JUL 05, 2016 11:41 AM PDT

Do Sea Snakes Have Another Sense We Don't Know About Yet?

WRITTEN BY: Anthony Bouchard

On land, snakes have extraordinarily strong senses of vision, smell, and hearing, which not only make them efficient predators, but also help them evade enemies as well.
If you’ve ever noticed, it can be really difficult to catch a snake. They’re fast, and it seems like they’re always one step ahead of you because they have such sensitive sense perception.
Of course, when it comes to sea snakes, you can expect that the senses of smell, vision, and hearing aren’t as clear. Water tends to muffle out these senses, and yet, sea snakes seem just as efficient at the things they do as land snakes. How can this be?

Do sea snakes have another sense that land snakes don't?

New research published in the Royal Society journal Open Biology suggests that sea snakes must have another sense we know little about.
Since they are still amazing hunters even under water, and the senses we know land snakes would rely on while on dry land wouldn’t be as effective under water, it only seems to make sense that there must be another source of sea snakes’ responsiveness and sensitivity.
The report details that on the heads of sea snakes are these little sensory organs known as “scale sensilla.” To you and I, they look like ordinary scales, but on either side of the snake’s head, where you would expect their ears to be, there are some special scales instead. Scale sensilla are used by land snakes to detect the sense of touch.
The study noted that sea snakes have much more dome-shaped sensilla scales than land snakes do, and this would suggest that sea snakes probably use the sense much more.

A sea snake's "scale sensilla" may be the key to how they are such good predators under water.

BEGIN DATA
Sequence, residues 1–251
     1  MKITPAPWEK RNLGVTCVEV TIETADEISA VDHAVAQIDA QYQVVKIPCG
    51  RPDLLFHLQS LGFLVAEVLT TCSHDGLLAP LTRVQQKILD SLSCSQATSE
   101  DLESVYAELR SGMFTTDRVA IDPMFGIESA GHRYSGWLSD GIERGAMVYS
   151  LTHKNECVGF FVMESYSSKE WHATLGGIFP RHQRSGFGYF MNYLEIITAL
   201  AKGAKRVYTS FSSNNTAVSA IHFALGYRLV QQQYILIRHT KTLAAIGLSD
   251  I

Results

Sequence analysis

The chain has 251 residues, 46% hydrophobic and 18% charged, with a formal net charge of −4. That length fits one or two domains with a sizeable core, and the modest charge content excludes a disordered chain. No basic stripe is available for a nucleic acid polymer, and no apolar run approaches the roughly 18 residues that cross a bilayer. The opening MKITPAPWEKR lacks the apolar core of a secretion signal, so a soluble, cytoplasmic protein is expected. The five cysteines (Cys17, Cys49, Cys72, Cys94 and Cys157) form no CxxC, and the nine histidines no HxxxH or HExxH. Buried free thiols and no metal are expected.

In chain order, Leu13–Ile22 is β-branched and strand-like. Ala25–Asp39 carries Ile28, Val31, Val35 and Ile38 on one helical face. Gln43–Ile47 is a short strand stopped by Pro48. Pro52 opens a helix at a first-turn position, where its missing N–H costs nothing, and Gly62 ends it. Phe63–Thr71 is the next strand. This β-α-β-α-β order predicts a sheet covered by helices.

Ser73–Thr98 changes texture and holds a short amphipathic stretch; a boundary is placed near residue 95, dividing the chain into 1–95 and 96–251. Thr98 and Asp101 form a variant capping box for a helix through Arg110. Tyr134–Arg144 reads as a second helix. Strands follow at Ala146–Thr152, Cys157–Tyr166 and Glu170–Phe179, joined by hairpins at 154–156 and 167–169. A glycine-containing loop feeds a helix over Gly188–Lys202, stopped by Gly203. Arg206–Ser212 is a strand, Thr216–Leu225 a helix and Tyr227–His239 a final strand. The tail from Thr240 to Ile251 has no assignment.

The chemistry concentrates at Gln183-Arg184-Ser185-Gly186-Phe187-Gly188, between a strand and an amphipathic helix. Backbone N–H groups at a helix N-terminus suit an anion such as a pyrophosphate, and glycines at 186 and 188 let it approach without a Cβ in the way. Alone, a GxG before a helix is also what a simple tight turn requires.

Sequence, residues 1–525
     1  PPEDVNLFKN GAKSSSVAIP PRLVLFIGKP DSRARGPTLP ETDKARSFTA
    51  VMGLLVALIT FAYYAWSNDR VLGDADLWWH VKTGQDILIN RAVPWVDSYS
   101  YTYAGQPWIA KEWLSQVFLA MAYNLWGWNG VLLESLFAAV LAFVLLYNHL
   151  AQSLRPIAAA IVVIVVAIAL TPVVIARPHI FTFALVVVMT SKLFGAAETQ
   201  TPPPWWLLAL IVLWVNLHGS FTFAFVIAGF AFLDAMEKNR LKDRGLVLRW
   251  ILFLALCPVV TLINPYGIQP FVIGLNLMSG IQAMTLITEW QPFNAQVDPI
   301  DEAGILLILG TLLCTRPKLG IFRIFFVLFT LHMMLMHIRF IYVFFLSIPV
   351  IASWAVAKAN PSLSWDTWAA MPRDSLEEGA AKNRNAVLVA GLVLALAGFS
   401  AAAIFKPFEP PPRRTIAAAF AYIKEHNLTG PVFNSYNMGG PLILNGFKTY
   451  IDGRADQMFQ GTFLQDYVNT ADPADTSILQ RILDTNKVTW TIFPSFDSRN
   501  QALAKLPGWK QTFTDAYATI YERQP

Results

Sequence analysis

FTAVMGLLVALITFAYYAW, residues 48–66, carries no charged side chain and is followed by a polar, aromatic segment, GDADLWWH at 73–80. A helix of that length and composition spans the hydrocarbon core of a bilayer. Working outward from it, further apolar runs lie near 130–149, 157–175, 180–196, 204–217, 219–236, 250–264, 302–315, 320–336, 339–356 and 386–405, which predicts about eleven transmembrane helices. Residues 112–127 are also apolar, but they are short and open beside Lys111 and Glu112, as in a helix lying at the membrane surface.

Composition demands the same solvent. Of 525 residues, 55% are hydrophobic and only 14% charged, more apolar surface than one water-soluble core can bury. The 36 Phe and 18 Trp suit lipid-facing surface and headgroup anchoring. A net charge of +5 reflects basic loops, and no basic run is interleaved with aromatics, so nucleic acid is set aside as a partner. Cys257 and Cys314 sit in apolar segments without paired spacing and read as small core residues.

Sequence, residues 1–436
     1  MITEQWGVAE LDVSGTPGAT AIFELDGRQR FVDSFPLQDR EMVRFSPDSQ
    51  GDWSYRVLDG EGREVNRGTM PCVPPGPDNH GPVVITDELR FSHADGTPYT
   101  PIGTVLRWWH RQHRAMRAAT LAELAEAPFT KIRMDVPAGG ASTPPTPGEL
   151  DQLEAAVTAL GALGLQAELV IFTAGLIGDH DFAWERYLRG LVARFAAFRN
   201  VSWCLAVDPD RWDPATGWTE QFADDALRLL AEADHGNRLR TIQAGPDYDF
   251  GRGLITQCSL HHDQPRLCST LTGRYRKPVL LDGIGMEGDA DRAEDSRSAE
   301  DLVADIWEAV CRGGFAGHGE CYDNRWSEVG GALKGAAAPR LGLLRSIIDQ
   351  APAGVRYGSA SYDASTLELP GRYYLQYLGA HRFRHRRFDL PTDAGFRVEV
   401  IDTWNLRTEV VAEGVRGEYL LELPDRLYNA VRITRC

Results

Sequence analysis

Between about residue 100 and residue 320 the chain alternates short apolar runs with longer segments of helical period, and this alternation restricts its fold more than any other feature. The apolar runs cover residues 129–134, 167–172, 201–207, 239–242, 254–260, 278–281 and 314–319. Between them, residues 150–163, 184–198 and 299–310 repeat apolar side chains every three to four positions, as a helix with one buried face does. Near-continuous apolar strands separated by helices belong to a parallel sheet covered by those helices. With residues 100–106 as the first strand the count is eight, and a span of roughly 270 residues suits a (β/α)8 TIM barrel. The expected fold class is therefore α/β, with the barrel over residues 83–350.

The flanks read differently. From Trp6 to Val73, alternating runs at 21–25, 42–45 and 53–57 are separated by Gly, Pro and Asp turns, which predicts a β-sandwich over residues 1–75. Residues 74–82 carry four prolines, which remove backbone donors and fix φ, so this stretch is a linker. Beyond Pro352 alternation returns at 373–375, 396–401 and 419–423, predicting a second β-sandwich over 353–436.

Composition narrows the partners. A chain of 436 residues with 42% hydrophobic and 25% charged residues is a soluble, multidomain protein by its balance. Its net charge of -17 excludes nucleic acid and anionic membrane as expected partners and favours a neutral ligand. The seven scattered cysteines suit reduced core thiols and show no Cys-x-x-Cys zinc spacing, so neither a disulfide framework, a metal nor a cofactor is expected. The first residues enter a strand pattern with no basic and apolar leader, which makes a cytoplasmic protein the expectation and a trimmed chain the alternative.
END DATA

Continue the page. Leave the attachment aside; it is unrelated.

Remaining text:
Image Credit: Jenna Crowe-Riddell

In a water environment, where water is constantly flowing across the faces of sea snakes as they swim, their scale sensilla would need to be much more sensitive to feel the smaller ripples in the water to detect movement and vibrations.
“We believe sea snakes use these organs to sense objects at a distance by ‘feeling’ movements in the water,” says lead author Jenna Crowe-Riddell, a PhD student of the University of Adelaide. “This hydrodynamic sense is not an option for land animals. In water, a new way of sensing the environment becomes possible.”
As other critters swim, their forceful propulsion through the water sense movement waves through the water, just as dropping a pebble into a body of water would send ripples through the surface.
What the researchers are suggesting is that the larger scale sensilla found on sea snakes may be much more capable of detecting these kinds of waves, and hence helping sea snakes detect movement under water.
This is a skill that land snakes do not need because they have great eyesight and hearing in addition to the sense of touch.
There is no concrete evidence just yet, but the hypothesis seems solid enough for some testing to learn more.
“What we now need to do”, says lead scientist Dr Kate Sanders, “is to investigate the physiology of these scale sensilla and demonstrate exactly what they can sense. If they are hydrodynamic tactile sense organs, as we suspect, then by comparing them to the scale sensilla of closely related land-snakes we can start to understand how evolution has changed these organs from direct-touch sensors to distance vibration-sensors that work underwater.”
Do sea snakes have another sense that land snakes don’t? Well, they probably have the same sense, just amplified 1000x.
We won’t really know until further testing is performed to see just what sea snakes can sense that regular land snakes cannot.
It is worth noting that even land snakes have the ability to swim under water, but sea snakes are specially built for water-logged environments. Their tails are vertically flattened to help them produce thrust as they push against the water to move forward. Ordinary snakes have the same skill, but without their paddle-like bodies, they move less efficiently.

What can learn from this is that sea snakes have adapted from their origins to better take on a water environment, and this is the explanation for the differences between the bodies of a land snake and a sea snake.
Source: The University of Adelaide

About the Author
Fascinated by scientific discoveries and media, Anthony found his way here at LabRoots, where he would be able to dabble in the two. Anthony is a technology junkie that has vast experience in computer systems and automobile mechanics, as opposite as those sound.
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